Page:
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Minnesota Water Science Center

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Endocrine Active Chemicals/Wastewater Treatment Plant

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APPROACH AND METHODS

Study Design

Project schematic

A longitudinal sampling design was utilized to sample the wastewater effluent and surface-water sites upstream and downstream from the effluent discharge in each receiving water. The upstream sample provides information about contaminants originating from sources other than the WWTP of interest, and the downstream sample provides information about contributions of contaminants from the wastewater effluent.

This study was designed to use chemical and biological measures to assess the presence and effects of EACs and pharmaceuticals in Minnesota WWTP effluents and receiving waters. Chemical analyses and in-vitro and in-vivo (estrogenicity) bioassays were used because each method has advantages and disadvantages addressing different questions. In this study, chemical data for EACs and other contaminants indicative of anthropogenic influence provided quantitative measures of the effects of WWTP effluents and land use on Minnesota surface waters. In-vitro cellular assays provide a method to measure the “total estrogenicity” of an aquatic environment, and in-vivo caged fish experiments provide a method to measure whole-organism responses.

Site Selection

Twenty-five WWTPs (and associated receiving streams) were selected (map | site list). Wastewater-treatment plants were selected to include continuous flow and periodic release facilities with differing processing steps (activated sludge or trickling filters) and plant design flows ranging from 0.002 to 10.9 cubic meters per second (0.04 to 251 million gallons per day) throughout Minnesota in varying land-use settings.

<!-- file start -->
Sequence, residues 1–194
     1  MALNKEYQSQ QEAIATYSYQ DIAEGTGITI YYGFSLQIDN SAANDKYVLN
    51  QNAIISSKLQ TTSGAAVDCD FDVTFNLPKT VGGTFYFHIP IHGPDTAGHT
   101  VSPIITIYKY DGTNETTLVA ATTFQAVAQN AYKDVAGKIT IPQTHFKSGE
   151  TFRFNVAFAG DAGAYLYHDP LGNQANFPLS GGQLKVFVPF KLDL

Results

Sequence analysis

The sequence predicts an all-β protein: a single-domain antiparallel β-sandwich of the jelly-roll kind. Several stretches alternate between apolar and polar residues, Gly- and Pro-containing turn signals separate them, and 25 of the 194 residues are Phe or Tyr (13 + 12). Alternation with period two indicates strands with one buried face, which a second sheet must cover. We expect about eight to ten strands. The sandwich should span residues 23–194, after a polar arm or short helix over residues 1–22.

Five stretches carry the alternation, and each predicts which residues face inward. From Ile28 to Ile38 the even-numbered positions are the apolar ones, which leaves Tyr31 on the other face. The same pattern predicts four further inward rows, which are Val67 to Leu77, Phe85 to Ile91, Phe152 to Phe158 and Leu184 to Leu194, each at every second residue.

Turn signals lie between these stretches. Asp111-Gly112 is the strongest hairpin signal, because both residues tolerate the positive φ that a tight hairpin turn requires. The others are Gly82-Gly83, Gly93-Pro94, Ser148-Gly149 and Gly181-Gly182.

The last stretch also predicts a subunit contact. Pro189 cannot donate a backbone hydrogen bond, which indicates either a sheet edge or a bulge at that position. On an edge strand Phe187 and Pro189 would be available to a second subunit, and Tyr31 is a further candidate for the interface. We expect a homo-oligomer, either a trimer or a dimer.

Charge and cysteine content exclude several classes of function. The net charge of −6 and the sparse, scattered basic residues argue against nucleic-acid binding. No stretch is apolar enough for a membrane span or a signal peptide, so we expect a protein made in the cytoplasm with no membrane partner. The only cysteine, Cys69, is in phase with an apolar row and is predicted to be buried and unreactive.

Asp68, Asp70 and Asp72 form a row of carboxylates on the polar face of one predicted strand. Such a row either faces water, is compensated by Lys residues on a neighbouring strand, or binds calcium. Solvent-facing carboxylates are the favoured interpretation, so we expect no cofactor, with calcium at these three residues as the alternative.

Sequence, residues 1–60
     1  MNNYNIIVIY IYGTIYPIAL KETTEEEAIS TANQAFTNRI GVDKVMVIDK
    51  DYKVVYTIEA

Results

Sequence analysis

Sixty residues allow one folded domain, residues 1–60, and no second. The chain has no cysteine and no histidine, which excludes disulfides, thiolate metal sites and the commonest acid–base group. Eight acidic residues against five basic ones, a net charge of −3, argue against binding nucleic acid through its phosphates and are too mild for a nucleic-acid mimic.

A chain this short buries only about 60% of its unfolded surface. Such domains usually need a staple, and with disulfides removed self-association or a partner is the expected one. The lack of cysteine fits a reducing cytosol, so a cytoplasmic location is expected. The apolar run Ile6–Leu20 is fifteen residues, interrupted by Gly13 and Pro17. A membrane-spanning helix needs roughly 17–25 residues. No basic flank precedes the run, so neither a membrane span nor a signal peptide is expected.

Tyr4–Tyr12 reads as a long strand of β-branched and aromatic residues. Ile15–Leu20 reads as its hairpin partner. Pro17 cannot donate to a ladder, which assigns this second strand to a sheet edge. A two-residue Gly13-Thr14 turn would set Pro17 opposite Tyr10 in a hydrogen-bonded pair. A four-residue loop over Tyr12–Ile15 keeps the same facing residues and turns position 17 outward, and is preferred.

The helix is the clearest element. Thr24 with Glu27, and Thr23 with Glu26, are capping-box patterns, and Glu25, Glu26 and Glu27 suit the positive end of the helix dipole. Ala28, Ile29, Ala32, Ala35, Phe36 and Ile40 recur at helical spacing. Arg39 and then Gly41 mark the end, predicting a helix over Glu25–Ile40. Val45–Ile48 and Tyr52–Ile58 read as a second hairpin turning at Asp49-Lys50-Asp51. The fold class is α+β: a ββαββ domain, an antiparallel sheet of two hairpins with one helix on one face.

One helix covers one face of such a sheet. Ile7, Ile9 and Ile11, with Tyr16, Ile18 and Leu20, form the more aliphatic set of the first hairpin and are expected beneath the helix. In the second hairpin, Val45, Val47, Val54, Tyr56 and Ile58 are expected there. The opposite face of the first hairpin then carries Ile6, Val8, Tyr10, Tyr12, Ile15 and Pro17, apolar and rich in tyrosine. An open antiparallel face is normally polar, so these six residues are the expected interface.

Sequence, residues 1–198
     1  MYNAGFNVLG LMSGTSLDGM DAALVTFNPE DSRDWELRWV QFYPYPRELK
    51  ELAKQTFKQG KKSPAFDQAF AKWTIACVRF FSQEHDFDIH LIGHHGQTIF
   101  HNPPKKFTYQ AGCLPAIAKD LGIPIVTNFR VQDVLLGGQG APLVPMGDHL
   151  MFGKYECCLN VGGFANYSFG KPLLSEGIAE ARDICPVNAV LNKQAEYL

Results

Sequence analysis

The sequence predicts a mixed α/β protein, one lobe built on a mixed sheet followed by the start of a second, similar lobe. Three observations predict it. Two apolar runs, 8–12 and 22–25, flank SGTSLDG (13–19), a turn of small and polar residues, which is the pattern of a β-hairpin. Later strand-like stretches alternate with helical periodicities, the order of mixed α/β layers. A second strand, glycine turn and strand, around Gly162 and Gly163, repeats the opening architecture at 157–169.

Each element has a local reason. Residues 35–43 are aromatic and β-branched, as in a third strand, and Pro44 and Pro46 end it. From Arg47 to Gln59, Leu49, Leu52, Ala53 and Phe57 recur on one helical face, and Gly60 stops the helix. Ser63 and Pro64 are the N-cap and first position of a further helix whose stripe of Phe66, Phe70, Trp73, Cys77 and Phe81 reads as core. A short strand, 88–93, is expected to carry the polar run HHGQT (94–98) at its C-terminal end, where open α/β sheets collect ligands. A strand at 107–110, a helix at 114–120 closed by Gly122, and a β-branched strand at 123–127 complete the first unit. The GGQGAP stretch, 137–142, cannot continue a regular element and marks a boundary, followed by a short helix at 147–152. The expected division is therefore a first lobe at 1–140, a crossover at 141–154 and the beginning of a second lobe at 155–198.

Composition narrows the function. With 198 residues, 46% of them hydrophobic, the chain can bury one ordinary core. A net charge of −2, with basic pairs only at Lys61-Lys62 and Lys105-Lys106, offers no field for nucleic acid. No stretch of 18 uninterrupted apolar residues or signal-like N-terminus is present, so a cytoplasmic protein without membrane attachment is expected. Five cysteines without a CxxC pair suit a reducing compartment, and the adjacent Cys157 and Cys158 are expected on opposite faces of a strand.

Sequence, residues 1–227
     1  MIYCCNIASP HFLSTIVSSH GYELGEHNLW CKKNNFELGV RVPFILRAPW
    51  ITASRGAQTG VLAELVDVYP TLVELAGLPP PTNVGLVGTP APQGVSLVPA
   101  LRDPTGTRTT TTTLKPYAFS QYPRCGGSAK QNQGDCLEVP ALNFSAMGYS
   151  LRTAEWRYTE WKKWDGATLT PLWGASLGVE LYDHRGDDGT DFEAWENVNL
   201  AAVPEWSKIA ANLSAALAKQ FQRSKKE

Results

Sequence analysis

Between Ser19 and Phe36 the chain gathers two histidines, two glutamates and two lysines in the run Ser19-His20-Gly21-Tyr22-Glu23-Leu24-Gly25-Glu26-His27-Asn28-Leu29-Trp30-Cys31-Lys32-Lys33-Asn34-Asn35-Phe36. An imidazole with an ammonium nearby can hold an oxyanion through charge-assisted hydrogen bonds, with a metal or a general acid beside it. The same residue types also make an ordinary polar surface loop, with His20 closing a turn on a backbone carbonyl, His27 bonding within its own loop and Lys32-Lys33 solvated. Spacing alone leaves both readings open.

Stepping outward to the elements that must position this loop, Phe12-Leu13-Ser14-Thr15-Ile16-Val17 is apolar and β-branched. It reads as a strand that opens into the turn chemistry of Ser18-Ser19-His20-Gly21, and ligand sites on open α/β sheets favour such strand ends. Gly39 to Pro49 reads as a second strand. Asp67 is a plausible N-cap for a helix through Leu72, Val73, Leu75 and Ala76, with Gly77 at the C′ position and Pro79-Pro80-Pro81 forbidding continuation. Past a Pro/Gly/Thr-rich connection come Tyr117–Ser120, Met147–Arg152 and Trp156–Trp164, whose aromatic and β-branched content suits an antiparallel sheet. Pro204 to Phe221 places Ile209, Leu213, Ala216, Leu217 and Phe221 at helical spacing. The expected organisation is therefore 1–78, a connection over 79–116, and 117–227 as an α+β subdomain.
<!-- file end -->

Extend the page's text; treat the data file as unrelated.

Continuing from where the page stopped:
Sampling being performed in Rochester, MN

The U.S. Geological Survey collected water samples from the treated effluent of the 25 wastewater-treatment plants and at one point upstream from and one point downstream from wastewater-treatment plant effluent discharges. Bed-sediment samples also were collected at each of the stream or lake locations. Collection occurred from September through November 2009.

Streamflow was measured at each stream site following USGS protocols. Basic water-quality properties (dissolved oxygen, pH, specific conductance, temperature, and turbidity) were measured at each site using a submersible YSI (Yellow Springs Instruments) data sonde (Yellow Springs, Ohio). Tracer studies using rhodamine WT dye (20-percent active ingredient, Ben Meadows®, Janesville, Wisc.) were performed at selected WWTPs.

Dye Study

Water samples were analyzed for major ions, nutrients, trace elements, pharmaceuticals, phytoestrogens and pharmaceuticals, alkylphenols and other neutral organic chemicals, carboxylic acids, and steroidal hormones (list of chemicals). A subset (25 samples) of the bed-sediment samples were analyzed for carbon, wastewater-indicator chemicals, and steroidal hormones; the remaining samples were archived.

Biological characteristics were determined by using an in-vitro bioassay to determine total estrogenicity in water samples and a caged fish study to determine characteristics of fish from experiments that exposed fish to wastewater effluent in 2009. St. Cloud State University deployed and processed caged fathead minnows at 13 stream sites during September 2009 for the caged fish study. Measured fish data included length, weight, body condition factor, and vitellogenin concentrations.

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